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GARY WASHBURN | ON BASKETBALL

Jaylen Brown thrilled to address social issues with Harvard audience

Matthew J. Lee/Globe staff

Celtics coach Brad Stevens talks strategy with Jaylen Brown during a recent game.

By Globe Staff 

He’s only 21 years old, born just after Michael Jordan started his first comeback. They call people from Jaylen Brown’s generation “millennials,” and in many ways that’s not a flattering label.

Millennials are stereotyped as self-centered and oblivious to the complicated, cold, and unforgiving world that surrounds them.

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On Thursday evening at Harvard’s Longfellow Hall, the Celtics forward traded his sneakers and thigh-high shorts for a sleek black suit and turtleneck and talked to an audience that was mostly comprised of students his age about pressing social issues.

With his mother and grandmother in attendance, Brown began with a 20-minute dissertation on the American educational system before taking about a dozen questions, including one from a 10-year-old boy about the importance of attending college.

It was as thrilling for Brown as a breakaway, 360-degree dunk, the opportunity to speak to his peers, express his opinions on social issues, continue his quest to be a savant, someone known as much, if not more, for their mental prowess than for their physical prowess in professional sports.

“I get this question a lot: ‘Jaylen, do you identify as an intellect or do you identify as an athlete?’ ” he said during his introduction. “And to be honest, I never give anyone a straight answer because, to be honest, I hate the dichotomy of it. I hate the fact that it has to be one or the other. I hate the fact that there’s no possibility for both. In my reality, there is.”

Brown wowed the crowd with his humor, telling them of his family’s reaction when he agreed to speak at Harvard and how their first question was, “What are you going to talk about?”

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“To be honest, I was more concerned with what I wasn’t going to talk about,” he said. “Speaking on something that connects with me and resonates with you guys.”

Brown touched on inequality in the educational system, such as how gifted students are told to “apply what they learn in class to the world,” whereas average students are asked to “regurgitate information and pretty much mimic what the teacher taught them.”

During the early days of his freshman year at UC Berkeley, Brown said he was brought to tears because of what he termed “social stratification,” feeling his education was being marginalized because he was an athlete. Brown intimidated some NBA teams during the pre-draft interview process because of his bright mind and against-the-grain thought process.

What’s more, Brown still has not retained an agent. He told the audience that he noticed a large percentage of professional athletes in dire financial situations just five years after retirement, and that encouraged him to hire advisers for particular financial situations instead of a full-time agent.

“I’ve seen tracking and the negative side effects from it,” he said. “I’ve seen the things attached to it, low self-esteem, rebellious behavior, all of it. Tracking since kindergarten. Standardized tests put you in a certain place, a certain track, and you stay in that track until high school and little do you know if you don’t do anything to determine that, you’ll be in the same social indemnity for the rest of your life. I’ve seen it.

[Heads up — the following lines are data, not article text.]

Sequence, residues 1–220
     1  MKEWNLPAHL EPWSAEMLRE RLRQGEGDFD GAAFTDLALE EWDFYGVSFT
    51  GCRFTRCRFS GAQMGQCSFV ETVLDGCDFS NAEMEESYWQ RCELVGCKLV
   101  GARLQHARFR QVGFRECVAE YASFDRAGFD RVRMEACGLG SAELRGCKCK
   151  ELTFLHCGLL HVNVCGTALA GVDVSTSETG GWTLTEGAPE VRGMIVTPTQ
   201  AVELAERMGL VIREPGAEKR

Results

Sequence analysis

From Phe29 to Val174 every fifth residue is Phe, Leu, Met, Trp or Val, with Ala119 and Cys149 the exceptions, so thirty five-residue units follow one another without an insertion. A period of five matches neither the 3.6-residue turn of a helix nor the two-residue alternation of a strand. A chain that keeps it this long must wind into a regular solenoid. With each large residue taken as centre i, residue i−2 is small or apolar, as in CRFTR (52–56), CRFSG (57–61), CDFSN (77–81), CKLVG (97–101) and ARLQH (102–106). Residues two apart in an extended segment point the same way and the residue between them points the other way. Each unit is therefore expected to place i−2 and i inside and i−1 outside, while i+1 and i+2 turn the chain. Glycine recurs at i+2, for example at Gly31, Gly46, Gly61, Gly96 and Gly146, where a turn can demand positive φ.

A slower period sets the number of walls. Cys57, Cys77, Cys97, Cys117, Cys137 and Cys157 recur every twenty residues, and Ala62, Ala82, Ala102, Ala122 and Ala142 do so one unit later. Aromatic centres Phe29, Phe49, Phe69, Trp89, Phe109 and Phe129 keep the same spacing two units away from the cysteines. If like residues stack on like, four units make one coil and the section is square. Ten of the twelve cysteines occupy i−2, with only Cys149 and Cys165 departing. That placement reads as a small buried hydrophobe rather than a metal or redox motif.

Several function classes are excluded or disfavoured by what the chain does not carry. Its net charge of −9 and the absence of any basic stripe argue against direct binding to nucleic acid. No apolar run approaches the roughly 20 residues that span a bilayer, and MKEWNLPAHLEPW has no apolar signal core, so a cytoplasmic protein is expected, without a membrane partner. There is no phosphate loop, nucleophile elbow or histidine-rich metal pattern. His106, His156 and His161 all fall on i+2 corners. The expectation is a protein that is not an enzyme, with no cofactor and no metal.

“At this point, 2018, it’s time to mash the gas [pedal] because the idea of America is that some people have to win and some people have to lose. And there are certain things in place that exist to make sure people end up here [at Harvard] and certain people end up there [in a more difficult situation]. There are going to be some people that are going to be in the political arena as legislators and government officials and there are going to be some people that fill out prison industrial complexes and work vocalization jobs, and that’s just the reality of it.”

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Brown continued: “ ‘Jaylen, you’re an NBA player. You’re fine. You’re a millionaire.’ Yes this is true. [To the laughter of the audience.] But if I didn’t have the counter space of basketball, where would I be? Just because I escaped the barriers of society, why shouldn’t I think about the people who haven’t or didn’t or won’t? What if I didn’t have the counter space of basketball, where would I channel my energy? Would I do something positive with it? Would I resort to violence? These are real-life scenarios that kids in America wake up to every single day.”

Brown’s appearance at Harvard meant more to him than his 35-point performance in the Rising Stars Challenge or a key 3-pointer to lead the Celtics to victory. Brown seeks to be considered substantially more than an NBA player or a jock or a millennial seeking only personal success and gratification. Brown spoke Thursday for his family, his community, his home area of Atlanta, and those like him without a voice.

“Me coming up here means a lot but it really wasn’t about me,” he said. “I wasn’t speaking for myself. I don’t speak for everybody, but I know people in my neighborhood, in my community, feel a certain type of way. I was advocating for them. I made it to a point in a certain place in society where I have escaped the barriers that have been put in place. The people who didn’t, should we forget about them?”


Gary Washburn can be reached at gwashburn@globe.com
Follow him on Twitter @GwashburnGlobe.